Initially, the  setup of the project made certain that the good leadership was promoted appropriately. After Moses, the leaders were chosen by God and appointed by Him as judges over the people. He would chose the most suitable individual to be a judge and lead Hebrews during the particular time period. But then Hebrews looked into their neighborhood and saw how those nations were ruled by kings, hence they desired the same thing for themselves. This was another slap on God’s face, as He was their supreme leader and their only King. Even though He warned them of the disadvantages of maintaining the royal family, and changes they would need to accept as a nation, people didn’t want to listen so they were granted a king to rule over them (see 1 Samuel 8).

As mentioned above, everything was good while kings were leading the project in the right direction, but few hundred years down the track God-focus was lost and everybody was doing whatever they liked; pretty much anything could go by. Reminds me a bit of the current New Age movement—everybody makes their own rules and are justified by those same rules—there is no Higher Power to answer to and people are their own gods (refer again to the Isaiah 5:18-21).

So, God decided to bring in a new leader for the project, somebody that will not fail and will manage the project until it is finished. He announces this with the following words: “Behold! My Servant whom I uphold, My Elect One in whom My soul delights! I have put My Spirit upon Him; He will bring forth justice to the Gentiles. He will not cry out, nor raise His voice, nor cause His voice to be heard in the street. A bruised reed He will not break, and smoking flax He will not quench; He will bring forth justice for truth. He will not fail nor be discouraged, till He has established justice in the earth; and the coastlands shall wait for His law” (Isaiah 42:1-4).

But, this new leader will not behave as the leaders before him; he will do something unusual. He will make the ultimate sacrifice and give his own life for the forgiveness of the sins of all (see Isaiah 53:4-6). This pretty much means that if anything goes wrong with the project or the team members he would be the one to take the blame. So, by appointment of the default scapegoat, God made sure that there would be no legal obstacle that would be able to stop or derail the project in the future. By making the ultimate sacrifice (of the innocent blood) the new leader gained absolute authority over the whole of God’s creation and is able to make any necessary changes required for the success of the project on the Earth.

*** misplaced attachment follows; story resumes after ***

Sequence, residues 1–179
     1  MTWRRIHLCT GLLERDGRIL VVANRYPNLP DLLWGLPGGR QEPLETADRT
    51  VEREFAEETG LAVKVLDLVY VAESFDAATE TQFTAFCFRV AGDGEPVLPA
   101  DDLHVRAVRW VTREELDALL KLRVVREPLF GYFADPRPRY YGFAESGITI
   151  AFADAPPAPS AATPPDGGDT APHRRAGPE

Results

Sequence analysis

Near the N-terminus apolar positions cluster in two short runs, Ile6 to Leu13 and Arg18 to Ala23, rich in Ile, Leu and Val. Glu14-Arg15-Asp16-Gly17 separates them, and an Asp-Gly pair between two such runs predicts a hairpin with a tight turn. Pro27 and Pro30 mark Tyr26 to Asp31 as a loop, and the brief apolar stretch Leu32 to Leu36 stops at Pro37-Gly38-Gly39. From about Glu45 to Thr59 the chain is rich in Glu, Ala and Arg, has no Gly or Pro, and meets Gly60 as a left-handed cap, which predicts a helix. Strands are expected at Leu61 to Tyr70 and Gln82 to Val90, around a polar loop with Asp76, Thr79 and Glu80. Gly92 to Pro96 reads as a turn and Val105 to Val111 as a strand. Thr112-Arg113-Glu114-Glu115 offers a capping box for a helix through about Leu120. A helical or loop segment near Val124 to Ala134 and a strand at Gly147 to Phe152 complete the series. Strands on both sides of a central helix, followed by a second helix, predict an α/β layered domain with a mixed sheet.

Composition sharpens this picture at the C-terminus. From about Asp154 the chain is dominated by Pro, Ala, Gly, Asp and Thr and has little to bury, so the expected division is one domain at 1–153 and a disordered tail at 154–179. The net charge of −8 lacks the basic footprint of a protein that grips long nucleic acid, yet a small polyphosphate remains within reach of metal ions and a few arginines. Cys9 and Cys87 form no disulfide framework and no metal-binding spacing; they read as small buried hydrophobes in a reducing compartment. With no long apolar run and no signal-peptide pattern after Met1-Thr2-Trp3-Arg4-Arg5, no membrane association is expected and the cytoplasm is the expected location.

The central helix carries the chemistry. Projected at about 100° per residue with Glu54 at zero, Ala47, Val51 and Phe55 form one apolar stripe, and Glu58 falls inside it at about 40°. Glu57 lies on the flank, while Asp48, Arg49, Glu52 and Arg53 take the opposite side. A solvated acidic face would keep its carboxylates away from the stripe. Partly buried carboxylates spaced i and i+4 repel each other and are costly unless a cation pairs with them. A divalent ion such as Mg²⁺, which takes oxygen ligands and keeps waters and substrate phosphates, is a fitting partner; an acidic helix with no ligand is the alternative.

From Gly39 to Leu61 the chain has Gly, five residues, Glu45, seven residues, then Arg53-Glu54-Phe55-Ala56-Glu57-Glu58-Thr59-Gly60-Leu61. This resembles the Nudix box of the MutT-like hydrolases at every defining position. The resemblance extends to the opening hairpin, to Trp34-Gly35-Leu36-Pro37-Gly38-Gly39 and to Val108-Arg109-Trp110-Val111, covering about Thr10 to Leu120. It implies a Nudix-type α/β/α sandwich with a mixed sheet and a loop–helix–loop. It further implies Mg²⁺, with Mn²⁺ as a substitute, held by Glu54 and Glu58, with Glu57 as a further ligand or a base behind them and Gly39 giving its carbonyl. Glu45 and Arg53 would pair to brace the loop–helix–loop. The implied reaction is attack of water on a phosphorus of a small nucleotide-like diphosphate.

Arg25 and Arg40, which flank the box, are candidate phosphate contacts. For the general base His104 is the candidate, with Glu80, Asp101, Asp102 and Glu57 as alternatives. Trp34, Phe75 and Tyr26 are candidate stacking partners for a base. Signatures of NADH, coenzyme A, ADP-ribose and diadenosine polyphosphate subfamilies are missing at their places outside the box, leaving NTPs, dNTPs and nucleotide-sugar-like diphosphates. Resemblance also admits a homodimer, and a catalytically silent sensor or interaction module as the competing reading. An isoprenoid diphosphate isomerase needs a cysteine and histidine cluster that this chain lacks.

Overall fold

Also, it seemed that having a single nation as the project team did not guarantee  project’s stability and team’s dedication, motivation and focus. Hence, the teaching mechanisms that were designed to keep the whole of the Hebrew nation pure and holy were not longer needed. God had abandoned the collective approach, where the whole of the nation would be punished for the sin of the one, like it was done in the case of the defeat at Ai due to the sin of Achan (see Joshua 7). God adopted the individual approach, which means that the project team is comprised of worthy individuals added to the project one by one, as they express their interest. The switch to the individual approach was “advertised” to the Jews with the following words: “The son shall not bear the guilt of the father, nor the father bear the guilt of the son. The righteousness of the righteous shall be upon himself, and the wickedness of the wicked shall be upon himself” (see Ezekiel 18:19-20).

This opened up a possibility to have members of other nations, living outside of the Hebrew territory, as part of the virtual project team as mentioned in the Part 2. We see this in the story of Daniel and how God used him as the instrument to convert Darius, the king of Persia, and cause him to decree “that in every dominion of my kingdom men must tremble and fear before the God of Daniel”  (see Daniel 6:25-28). In the story of Esther we see how God placed Mordecai, a Jew, to be the second in charge in the whole of the Persian Empire, essentially repeating the same feat He has done before with Joseph in Egypt (see Esther 10). Perhaps the first honored non-Jew member of the virtual project team was king Cyrus of Persia, of whom we find this prophecy in Isaiah:  “Who says of Cyrus, ‘He is My shepherd, and he shall perform all My pleasure, saying to Jerusalem, “You shall be built,” and to the temple, “Your foundation shall be laid.”’ (Isaiah 44:28)